Sonja McCullen, a Honolulu deputy prosecuting attorney, sailed smoothly through a Senate hearing on her appointment to the Intermediate Court of Appeals on Wednesday.

That’s in contrast to Gov. David Ige’s last pick to the appeals court, Dan Gluck, the director of the state Ethics Commission. He drew fire from critics who complained he lacked trial experience and that Ige should have nominated a woman of color who had more court experience.

Gluck’s appointment reignited debate over the diversity of Hawaii’s courts, and the Senate ultimately rejected his nomination.

McCullen, who is part Native Hawaiian and a former teacher at Waianae High School, will likely avoid those controversies during her appointment process.

Deputy Honolulu Prosecuting Attorney Sonja McCullen cleared her first Senate hearing Wednesday. Screenshot

On Wednesday, the Senate Judiciary Committee heard from McCullen and her supporters. She faced questions over how she’d approach cases as an appellate court judge.

The committee is expected to vote on McCullen’s appointment on Thursday, followed by a vote before the full 25-member Senate on Friday.

If appointed, McCullen would be the first Hawaiian judge on an appellate court in the state in decades.

“That’s overwhelming,” McCullen said.

No one testified against McCullen Wednesday. Honolulu Prosecuting Attorney Steve Alm was among her supporters.

“She’s been one of the real work horses as far as doing so much appellate work for years,” Alm said. “She’s down to earth. She’s smart. She’s compassionate. She’s going to be the last one to toot her own horn.”

The Hawaii State Bar Association also found that McCullen is qualified for the position.

The senators’ questions focused on McCullen’s work at the prosecutor’s office as well as how she would work toward addressing injustices in Hawaii’s court system.

“It’s a systemic problem and it requires a systemic approach,” McCullen said, adding that she is committed to doing what she can “within the bounds of the law.”

To that end, Sen. Jarrett Keohokalole asked her what role, if any, the prosecutor’s office might play in the criminal justice system, and if her time in the office might influence how she decides cases.

McCullen said it’s not a prosecutor’s role to “just get convictions or win cases. Our goal is to do what’s right. Do what’s just.”

McCullen, who worked on appellate cases for the prosecutor’s office, said she has argued 20 cases before the Hawaii Supreme Court and numerous cases before the ICA.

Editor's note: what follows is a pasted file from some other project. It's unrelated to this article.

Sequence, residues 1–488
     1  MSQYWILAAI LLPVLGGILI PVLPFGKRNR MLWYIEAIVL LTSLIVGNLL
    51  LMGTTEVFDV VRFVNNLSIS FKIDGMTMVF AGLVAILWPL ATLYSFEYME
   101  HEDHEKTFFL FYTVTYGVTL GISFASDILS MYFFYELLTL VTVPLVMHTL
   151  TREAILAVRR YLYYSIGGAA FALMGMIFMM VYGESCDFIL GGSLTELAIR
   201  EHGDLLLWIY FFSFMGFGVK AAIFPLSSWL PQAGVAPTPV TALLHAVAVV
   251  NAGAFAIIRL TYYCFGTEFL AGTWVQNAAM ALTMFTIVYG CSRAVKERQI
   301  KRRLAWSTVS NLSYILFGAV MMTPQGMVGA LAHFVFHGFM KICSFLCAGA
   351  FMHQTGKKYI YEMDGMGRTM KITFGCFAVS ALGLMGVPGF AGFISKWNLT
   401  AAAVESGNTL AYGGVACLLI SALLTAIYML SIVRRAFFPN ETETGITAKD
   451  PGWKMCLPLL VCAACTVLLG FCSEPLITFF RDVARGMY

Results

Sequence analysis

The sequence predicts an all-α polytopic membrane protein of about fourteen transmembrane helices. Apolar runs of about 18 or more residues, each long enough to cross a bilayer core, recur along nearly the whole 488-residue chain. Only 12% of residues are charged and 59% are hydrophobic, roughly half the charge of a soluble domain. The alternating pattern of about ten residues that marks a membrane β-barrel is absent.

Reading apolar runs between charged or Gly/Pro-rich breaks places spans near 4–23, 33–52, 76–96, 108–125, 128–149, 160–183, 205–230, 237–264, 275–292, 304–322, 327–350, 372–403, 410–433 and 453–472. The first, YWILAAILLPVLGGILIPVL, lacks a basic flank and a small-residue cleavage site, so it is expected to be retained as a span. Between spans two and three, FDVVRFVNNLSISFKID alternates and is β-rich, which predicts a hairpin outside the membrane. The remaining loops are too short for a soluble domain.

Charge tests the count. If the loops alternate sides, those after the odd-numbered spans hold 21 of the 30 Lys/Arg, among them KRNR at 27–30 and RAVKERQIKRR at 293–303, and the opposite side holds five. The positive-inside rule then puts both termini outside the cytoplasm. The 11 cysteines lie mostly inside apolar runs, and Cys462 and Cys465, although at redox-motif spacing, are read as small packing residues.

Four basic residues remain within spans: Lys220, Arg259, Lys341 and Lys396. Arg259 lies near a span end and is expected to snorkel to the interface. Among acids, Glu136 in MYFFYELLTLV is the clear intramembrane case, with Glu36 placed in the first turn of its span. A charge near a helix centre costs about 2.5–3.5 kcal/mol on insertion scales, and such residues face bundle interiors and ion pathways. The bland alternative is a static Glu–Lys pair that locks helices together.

She said she has refused to advance certain cases if she felt that prosecutors were wrong in the case. In one example, she conceded a case where a defendant argued that his sentencing was illegal, something the trial prosecutors did not agree with.

Oahu Community Correctional Center razor wire inside jail.
McCullen faced questions from senators over how she plans to address issues like incarceration and systemic injustices in the court system. Cory Lum/Civil Beat

Sen. Chris Lee asked why Native Hawaiians are disproportionately represented in the jail system. McCullen said she didn’t know but suggested that Hawaiian families may face challenges growing up that others don’t.

Sen. Karl Rhoads focused on federal investigations targeting the prosecutor’s office and the City and County of Honolulu stemming from the conspiracy case involving Katherine Kealoha, a former deputy prosecutor who tried to frame her uncle for stealing her mailbox.

Kealoha was convicted for her role in the corruption case which also involved her husband, former Honolulu Police Chief Louis Kealoha. Former Honolulu Prosecutor Keith Kaneshiro has been the target of the FBI probe that is continuing.

McCullen said she did not receive a target letter and has not been questioned in connection with any federal investigations involving the city.

McCullen also said Wednesday that she hopes to help dig in to the ICA’s backlog of appeals.

The ICA hears nearly all appeals that come from state trial courts. It has six judges who hear cases through three-judge panels.

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